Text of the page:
Like An Old Friend, “Lovers-Winners and Losers” Sweeps In With Nostalgia And Poignancy At West End Players Guild

John Lampe as Joe and Betsy Bowman as Mag share a moment of bliss in the first Act of "Lovers: Winners and Losers" at WEPG. Photo: John Lamb

John Lampe as Joe and Betsy Bowman as Mag share a moment of bliss in the first Act of “Lovers: Winners and Losers” at WEPG. Photo: John Lamb

Although best known for his 1990 success with “Dancing At Lughnasa,” Brian Friel’s earlier comedy, “Lovers” is given a very good performance at West End Players Guild. This play was one of the first I saw when my interest in theatre was peaking and it made a very deep impression on me back in the late to mid ’60’s. Friel’s juxtaposition of joyous youth with heartfelt tragedy in the “winners” one-act still has a strong impact on the audience. Combined with the uproarious mischief of “losers” after intermission, one wonders why “Lovers” had been missing from local stages for so long.

On a hillock in Ireland, placed in front of the regular stage at WEPG, we meet Mag or Margaret Mary Enright as she bicycles in and hides from her boyfriend, Joe Brennan. These two high schoolers plan to marry (out of necessity as much as love) when their final exams are over in a week or so. The irrepressible Betsy Bowman is perfect as the lovely Irish colleen with her lush, red hair and red-cheeked face that always seems to be smiling. Joe is played with boyish charm by John Lampe. He’s a serious student who has come to the overlook with intentions of studying for the tests while Mag is more interested in planning the wedding, what to name the baby and anything else that will distract her from her books. As the play goes on, they share harsh words, make up and generally do what teen-agers in love so often do.

Theresa Masters urges Colin Nichols to recite "Elegy In A Country Churchyard" in the second act of Brian Friel's "Lovers" at WEPG. Photo: John Lamb

Theresa Masters urges Colin Nichols to recite “Elegy In A Country Churchyard” in the second act of Brian Friel’s “Lovers” at WEPG. Photo: John Lamb

While this happy young couple while away a sunny day in June, two narrators are above them stage left and fill out the story that completes this beautiful setting and the spirited couple who are obviously meant for each other. Steve Callahan and Kristy Wehrle delight with their strong Irish brogues and jolt us into reality as we slip back and forth between the lovers and the narrative that completes their story. It’s a lovely story that takes us on a journey that shows us one of those “you never know” moments shocking in its outcome as it is revealed bit by bit alongside a perfect, idyllic moment captured in time.

The second act belongs to Colin Nichols as Andy. He is courting Hanna but must contend with her bed-ridden mother who is constantly praying to Saint Philomena and ringing a bell from her upstairs bedroom whenever silence creeps in on the lovers downstairs. In fact, Andy has come up with a solution as he decides to recite the only poem he knows, Thomas Grey’s “Elegy In A Country Churchyard” every time he and Hanna get “busy.” He narrates the one-act as well as portrays the roguish imp and decides he will marry Hannah and take her away from this prison that she’s confined to. Continually bird watching in the garden, he will put down his binoculars and talk to the audience about his dilemma, his plans and even the deus ex machina he believes has fallen into his lap.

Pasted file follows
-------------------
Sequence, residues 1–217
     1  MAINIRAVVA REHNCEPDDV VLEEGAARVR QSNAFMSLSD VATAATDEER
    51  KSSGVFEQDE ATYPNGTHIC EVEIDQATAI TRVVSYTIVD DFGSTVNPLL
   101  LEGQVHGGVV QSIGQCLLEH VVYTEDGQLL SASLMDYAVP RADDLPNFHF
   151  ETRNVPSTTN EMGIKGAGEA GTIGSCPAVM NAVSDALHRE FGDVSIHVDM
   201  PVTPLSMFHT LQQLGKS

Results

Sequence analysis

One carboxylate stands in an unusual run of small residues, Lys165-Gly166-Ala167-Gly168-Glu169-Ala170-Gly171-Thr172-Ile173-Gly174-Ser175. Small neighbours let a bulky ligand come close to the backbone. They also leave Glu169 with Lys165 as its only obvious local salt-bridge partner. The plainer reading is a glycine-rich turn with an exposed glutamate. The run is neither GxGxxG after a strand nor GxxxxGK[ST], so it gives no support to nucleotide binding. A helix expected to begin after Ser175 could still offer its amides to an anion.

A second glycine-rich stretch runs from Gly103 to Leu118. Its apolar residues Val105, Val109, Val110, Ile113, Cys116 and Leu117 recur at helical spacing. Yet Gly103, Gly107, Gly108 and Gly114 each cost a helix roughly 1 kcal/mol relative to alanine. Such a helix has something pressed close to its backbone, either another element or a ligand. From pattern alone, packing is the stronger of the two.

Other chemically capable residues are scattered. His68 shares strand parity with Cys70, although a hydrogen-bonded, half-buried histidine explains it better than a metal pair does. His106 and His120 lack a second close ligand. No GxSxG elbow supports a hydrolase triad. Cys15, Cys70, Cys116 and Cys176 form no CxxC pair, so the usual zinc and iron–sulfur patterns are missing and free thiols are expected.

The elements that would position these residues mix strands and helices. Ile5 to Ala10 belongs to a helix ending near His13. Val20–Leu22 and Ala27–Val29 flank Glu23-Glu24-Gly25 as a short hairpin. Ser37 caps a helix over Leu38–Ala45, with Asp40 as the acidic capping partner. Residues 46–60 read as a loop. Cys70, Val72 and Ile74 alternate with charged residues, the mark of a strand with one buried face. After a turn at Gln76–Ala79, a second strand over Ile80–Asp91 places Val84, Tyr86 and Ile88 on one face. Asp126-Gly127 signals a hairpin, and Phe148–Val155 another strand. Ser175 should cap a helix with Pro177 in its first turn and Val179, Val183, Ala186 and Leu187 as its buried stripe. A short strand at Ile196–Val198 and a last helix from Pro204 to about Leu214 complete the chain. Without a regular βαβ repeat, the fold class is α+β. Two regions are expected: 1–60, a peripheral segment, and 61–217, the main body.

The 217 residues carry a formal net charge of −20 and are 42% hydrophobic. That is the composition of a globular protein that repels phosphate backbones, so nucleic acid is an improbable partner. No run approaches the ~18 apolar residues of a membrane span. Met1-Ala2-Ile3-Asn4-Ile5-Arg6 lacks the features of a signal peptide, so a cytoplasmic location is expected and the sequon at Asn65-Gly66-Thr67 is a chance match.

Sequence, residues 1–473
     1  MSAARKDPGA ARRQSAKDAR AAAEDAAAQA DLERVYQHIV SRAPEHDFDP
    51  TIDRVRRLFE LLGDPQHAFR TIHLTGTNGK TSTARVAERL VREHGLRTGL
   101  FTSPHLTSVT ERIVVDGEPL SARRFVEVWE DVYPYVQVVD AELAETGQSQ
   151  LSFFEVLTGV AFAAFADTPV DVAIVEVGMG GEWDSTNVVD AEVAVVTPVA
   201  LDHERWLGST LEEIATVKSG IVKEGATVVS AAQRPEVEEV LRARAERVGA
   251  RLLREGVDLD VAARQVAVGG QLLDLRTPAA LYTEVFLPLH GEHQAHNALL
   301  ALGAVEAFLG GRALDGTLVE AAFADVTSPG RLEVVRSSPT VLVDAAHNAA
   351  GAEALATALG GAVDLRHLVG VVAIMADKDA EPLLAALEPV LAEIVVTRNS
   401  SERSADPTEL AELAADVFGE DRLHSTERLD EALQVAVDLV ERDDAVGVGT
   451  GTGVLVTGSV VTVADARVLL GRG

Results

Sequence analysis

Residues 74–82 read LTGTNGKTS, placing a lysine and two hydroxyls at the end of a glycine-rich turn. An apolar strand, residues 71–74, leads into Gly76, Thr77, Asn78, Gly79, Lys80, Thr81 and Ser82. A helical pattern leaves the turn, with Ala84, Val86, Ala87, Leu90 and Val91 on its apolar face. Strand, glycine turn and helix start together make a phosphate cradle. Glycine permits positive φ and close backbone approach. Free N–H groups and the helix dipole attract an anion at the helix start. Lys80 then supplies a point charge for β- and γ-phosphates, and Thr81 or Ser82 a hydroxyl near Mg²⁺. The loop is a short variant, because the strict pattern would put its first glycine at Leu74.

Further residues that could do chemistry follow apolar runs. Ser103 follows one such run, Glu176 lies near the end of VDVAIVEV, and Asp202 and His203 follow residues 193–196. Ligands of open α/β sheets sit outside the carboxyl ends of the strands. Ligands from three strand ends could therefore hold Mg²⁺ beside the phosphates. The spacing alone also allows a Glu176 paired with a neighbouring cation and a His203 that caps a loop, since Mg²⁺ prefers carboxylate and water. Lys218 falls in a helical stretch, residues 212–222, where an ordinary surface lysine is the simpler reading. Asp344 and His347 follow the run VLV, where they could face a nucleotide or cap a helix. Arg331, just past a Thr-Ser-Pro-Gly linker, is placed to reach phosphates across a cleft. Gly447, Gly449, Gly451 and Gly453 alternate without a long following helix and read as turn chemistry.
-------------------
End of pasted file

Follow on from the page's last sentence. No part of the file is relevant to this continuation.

Suzanne Greenwald scolds Colin Nichols as Liz Hopefl looks on in WEPG's production of "Lovers." Photo: John Lamb

Suzanne Greenwald scolds Colin Nichols as Liz Hopefl looks on in WEPG’s production of “Lovers.” Photo: John Lamb

Theresa Masters is convincing as Hanna as she appears to be fed up with her care taking as well but changes her tune when push comes to shove. The near-hysterical mother is given a pleasantly over the top performance by Suzanne Greenwald. Her need for the rosary nightly at ten and forcing those concerned to kneel around her bed is perfectly played. Adding to the blend is Liz Hopefl as a long-suffering friend of Hanna’s mother, Cissy. In addition, we’re entertained with pre-show and intermission music as well as lead-ins to the plays by Jessie Evans on the button accordion and Sean Belt on the guitar. It adds authenticity and puts everyone in a good mood for the play.

Director Jan Meyer has brought every moment of insight, tragedy and pure bedlam out of Brian Friel’s script. Working on the clever set design of Destiny Graham, the play seems larger than life. Tony Anselmo’s lights add to the mix and the appropriate costuming of Renee Sevier-Monsey also brings joy to the proceedings.

Nostalgia for me and a great play that happily will allow others to see this rarely seen masterpiece. Brian Friel’s “Lovers: Winners and Losers” plays at West End Players Guild through February 23rd. Contact them at westendplayers.org for tickets or more information.

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